However, confirmation bias is about people’s experience and not about news reports that must be vetted by groups. The news reports I cited above are all the products of tremendously complex processes involving reporters, writers, producers, and others, all of whom acquiesce to the false claims in the story. Granted, maybe Limbaugh specifically acted without consultation, but if so, he is likely unique in doing so. In other words, I am arguing that to maintain such falsehood the media must do so intentionally – I claim that they know they are lying and that they are okay with it. It is neither new nor noteworthy for me to observe that many news services preach to their respective choirs: there are conservative, moderate, and liberal news outlets and they attract conservative, moderate, and liberal audiences respectively, although certain media labeled as conservative or liberal may not necessarily be so. (I’m thinking here of NPR specifically but also of the New York Times.)

The question I am now asking is whether truth has any relevance to political beliefs – at least as far as the media is concerned – and I ask you what would it take for you to change news channels or even political allegiances. Does knowing that there were never proposed death panels or that Obama’s birth certificate has been viewed and confirmed make a difference to those who don’t like Obama? If it doesn’t make a difference why doesn’t it, and if you refuse to believe these facts, then why do you reject them? They’re true. Several years ago there was a widely believed e-mail documenting findings that George W. Bush had the lowest IQ of all American presidents and that Republican presidents in general had lower IQs that Democratic ones. Many people I know reveled in it even though the email was a hoax and no such study ever existed. Did knowing it was a hoax change their perception that Bush is stupid? No. So what, if anything, could change their mind about that?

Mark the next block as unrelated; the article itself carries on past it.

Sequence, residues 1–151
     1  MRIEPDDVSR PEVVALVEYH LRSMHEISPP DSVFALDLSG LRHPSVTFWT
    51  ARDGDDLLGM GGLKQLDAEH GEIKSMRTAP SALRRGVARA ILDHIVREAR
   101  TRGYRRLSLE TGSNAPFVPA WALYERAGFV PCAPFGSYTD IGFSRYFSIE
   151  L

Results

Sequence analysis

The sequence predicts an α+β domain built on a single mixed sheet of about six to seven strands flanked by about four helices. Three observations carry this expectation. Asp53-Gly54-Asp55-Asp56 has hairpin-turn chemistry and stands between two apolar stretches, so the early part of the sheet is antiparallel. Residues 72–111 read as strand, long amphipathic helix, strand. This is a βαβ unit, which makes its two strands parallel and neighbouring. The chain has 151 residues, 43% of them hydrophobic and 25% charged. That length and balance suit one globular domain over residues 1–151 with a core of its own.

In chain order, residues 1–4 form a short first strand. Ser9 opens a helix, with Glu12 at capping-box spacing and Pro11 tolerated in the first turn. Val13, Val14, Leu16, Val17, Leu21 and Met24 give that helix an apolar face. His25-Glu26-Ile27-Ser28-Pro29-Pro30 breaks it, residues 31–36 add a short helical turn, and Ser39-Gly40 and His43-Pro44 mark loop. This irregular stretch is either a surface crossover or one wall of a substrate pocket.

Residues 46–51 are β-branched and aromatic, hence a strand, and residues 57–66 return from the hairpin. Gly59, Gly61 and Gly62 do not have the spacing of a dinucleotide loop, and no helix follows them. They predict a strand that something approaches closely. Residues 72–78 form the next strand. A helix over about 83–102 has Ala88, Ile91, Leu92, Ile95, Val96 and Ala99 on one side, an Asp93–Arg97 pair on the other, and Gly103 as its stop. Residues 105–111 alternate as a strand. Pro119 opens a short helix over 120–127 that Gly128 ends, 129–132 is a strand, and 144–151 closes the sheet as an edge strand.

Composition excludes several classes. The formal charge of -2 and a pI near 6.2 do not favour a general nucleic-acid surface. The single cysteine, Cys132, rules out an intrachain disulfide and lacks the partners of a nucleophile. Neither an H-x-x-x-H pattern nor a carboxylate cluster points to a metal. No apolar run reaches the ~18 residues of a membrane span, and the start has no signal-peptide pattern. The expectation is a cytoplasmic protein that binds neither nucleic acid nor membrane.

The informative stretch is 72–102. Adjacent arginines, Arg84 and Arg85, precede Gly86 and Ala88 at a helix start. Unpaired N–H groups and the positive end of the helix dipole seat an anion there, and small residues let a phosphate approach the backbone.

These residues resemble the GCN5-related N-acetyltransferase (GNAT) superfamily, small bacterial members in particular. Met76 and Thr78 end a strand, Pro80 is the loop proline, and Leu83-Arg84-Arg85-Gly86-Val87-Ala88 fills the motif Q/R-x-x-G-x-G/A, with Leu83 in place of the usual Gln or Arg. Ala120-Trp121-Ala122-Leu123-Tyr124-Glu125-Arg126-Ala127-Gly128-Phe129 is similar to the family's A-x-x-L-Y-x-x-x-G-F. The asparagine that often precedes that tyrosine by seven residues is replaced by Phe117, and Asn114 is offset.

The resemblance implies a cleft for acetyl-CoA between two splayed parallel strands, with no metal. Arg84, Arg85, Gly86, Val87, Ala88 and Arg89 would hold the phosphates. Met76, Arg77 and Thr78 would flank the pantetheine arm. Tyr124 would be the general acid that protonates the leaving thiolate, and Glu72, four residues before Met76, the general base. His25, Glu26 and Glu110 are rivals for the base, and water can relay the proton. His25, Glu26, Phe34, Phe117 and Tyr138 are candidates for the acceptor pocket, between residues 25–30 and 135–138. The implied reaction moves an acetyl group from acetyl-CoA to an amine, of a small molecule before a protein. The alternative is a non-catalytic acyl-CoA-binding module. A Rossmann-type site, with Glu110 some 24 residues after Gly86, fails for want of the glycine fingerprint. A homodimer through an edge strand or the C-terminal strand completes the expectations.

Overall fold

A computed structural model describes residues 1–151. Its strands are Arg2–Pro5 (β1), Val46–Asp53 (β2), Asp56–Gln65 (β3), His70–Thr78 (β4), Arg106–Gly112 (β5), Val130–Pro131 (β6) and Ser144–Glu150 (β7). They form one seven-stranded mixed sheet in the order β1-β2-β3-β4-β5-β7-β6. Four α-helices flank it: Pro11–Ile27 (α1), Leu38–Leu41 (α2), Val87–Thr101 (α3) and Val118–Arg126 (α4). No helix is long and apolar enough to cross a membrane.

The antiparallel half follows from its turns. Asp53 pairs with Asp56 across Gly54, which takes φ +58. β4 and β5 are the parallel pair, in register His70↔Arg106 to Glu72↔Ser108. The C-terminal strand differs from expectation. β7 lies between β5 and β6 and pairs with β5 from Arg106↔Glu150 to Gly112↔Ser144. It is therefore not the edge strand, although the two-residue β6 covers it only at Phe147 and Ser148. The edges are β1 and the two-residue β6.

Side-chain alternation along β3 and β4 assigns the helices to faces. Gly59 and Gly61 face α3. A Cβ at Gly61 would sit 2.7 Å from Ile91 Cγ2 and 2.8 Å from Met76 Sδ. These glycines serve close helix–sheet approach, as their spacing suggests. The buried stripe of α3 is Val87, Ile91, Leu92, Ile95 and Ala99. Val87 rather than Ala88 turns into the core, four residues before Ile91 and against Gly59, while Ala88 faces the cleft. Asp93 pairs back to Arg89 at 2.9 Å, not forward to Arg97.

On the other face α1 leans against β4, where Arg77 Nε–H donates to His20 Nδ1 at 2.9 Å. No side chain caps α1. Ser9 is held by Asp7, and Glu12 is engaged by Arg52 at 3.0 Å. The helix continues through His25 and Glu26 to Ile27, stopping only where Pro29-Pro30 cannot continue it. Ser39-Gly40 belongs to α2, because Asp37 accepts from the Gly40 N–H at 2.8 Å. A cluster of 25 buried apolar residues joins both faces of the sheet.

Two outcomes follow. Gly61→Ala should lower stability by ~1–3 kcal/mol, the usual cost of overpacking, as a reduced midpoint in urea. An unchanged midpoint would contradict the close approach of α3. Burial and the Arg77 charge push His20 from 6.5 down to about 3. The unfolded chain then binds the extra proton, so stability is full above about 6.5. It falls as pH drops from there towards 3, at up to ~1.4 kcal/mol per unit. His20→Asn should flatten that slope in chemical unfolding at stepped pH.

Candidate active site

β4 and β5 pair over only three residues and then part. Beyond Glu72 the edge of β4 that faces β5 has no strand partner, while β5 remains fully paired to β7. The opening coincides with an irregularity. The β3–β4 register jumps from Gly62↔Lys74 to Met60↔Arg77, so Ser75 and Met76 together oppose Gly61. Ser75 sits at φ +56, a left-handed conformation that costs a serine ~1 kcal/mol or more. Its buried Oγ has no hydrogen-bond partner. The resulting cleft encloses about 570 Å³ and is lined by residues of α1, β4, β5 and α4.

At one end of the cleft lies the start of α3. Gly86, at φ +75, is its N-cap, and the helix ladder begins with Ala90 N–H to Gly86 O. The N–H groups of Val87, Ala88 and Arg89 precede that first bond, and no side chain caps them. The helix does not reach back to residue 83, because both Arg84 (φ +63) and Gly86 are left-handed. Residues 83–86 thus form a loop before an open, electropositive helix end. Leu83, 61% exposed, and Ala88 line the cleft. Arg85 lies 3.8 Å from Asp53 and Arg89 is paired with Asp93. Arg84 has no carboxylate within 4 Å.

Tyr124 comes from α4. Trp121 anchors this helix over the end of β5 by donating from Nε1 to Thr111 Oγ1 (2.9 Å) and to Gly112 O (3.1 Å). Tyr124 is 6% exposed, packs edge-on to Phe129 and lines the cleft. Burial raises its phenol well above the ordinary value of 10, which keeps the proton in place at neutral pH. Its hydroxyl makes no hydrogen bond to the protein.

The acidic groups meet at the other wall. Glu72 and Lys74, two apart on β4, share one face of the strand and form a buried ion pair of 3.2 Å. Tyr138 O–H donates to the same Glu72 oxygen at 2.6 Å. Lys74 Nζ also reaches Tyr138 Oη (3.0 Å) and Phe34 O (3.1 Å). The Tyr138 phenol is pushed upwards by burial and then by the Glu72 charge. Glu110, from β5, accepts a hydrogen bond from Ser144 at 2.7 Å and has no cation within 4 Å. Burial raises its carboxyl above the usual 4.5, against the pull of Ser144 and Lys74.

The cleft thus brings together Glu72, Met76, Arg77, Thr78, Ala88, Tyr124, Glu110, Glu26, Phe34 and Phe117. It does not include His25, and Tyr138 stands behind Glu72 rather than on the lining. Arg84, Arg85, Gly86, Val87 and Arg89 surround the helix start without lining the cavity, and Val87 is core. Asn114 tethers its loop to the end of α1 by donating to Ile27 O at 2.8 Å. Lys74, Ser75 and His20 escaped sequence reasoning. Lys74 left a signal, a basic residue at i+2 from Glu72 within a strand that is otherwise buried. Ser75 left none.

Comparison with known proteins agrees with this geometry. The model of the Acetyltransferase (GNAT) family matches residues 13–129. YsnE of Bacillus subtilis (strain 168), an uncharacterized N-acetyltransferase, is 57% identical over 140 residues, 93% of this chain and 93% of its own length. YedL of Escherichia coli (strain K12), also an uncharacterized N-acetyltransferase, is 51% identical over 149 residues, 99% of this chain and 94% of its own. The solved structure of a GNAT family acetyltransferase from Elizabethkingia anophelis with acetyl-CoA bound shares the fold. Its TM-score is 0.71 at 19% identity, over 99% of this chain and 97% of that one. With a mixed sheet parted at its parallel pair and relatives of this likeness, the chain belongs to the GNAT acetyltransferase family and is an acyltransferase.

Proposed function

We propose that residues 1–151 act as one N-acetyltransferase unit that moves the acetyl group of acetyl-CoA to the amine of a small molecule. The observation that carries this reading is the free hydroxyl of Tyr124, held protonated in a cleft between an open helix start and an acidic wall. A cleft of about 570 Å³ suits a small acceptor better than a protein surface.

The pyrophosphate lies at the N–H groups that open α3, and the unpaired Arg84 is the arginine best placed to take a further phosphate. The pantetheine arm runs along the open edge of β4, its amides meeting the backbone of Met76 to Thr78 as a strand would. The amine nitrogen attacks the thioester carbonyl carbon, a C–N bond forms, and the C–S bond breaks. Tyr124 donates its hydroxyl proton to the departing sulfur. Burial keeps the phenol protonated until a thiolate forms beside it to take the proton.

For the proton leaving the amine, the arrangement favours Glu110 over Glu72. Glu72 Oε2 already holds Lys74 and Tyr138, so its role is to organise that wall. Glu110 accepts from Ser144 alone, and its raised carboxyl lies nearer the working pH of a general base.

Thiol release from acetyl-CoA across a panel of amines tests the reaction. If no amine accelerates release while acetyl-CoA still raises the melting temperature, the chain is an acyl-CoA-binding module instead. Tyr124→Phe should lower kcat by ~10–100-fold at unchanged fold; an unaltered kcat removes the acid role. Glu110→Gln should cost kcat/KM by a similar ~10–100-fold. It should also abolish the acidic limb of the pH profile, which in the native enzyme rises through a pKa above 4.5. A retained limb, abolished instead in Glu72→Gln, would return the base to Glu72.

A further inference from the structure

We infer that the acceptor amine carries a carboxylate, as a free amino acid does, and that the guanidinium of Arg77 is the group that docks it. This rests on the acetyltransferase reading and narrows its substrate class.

In the end, I’m asking not just about human political-psychology, but also about the role of truth in itself. Perhaps I’m becoming a crotchety old man (I can hear my wife in the background respond with “perhaps?!?!?!”), but I’m wondering if truth holds any place in public discourse or if, in the end, all anyone wants is to win or be believe that they are right. If so, is there anything we can do about it?

One comment on “How much does truth matter to political opinions?

  1. jaynicks says:

    Three thoughts:

    I have not had epistemology yet, but I've had a large serving of statistics and when a person frequently and persistently argues by saying things that are not true you may reject the hypothesis that they are meaning to tell the truth in any particular instance of falsehood. c.f. Rush on Fact Check,

    I won't waste space with the entire quotation. “You can fool some of the people some of the time, …” A. Lincoln.

    Truth matters and it will always be temporarily submerged to further the agendas of il-liberal, anti-social liars like Rush Limbaugh.

    Ergo: “I would not wish ill on any man, but I will be pleased to read his obituary.” I wish I recalled or could find out an attribution; it sounds like Wilde or Twain.